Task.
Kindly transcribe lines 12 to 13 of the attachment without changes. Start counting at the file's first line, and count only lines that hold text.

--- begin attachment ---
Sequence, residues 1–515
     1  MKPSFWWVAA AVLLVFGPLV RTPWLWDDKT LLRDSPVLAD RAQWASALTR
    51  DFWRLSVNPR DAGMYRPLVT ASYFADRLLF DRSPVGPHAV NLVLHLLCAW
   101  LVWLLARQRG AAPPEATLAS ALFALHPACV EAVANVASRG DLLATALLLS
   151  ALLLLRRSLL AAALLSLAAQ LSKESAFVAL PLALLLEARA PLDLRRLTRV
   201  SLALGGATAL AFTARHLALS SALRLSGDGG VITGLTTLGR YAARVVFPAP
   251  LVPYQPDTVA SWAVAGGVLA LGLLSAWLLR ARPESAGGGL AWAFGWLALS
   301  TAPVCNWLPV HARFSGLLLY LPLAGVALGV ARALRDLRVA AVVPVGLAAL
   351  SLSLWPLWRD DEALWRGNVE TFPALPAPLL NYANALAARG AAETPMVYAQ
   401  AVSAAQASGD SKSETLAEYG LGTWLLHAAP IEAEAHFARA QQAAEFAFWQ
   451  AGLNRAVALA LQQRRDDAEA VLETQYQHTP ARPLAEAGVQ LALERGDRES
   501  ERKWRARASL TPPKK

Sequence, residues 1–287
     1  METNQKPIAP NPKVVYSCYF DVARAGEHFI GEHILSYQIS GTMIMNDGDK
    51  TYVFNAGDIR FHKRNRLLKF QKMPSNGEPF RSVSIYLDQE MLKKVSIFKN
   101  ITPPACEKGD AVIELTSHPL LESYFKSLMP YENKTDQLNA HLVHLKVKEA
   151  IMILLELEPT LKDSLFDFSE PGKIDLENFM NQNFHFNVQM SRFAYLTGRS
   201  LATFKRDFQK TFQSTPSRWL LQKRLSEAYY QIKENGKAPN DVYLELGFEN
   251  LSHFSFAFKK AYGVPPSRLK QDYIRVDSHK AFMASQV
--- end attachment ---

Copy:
   501  ERKWRARASL TPPKK

Sequence, residues 1–287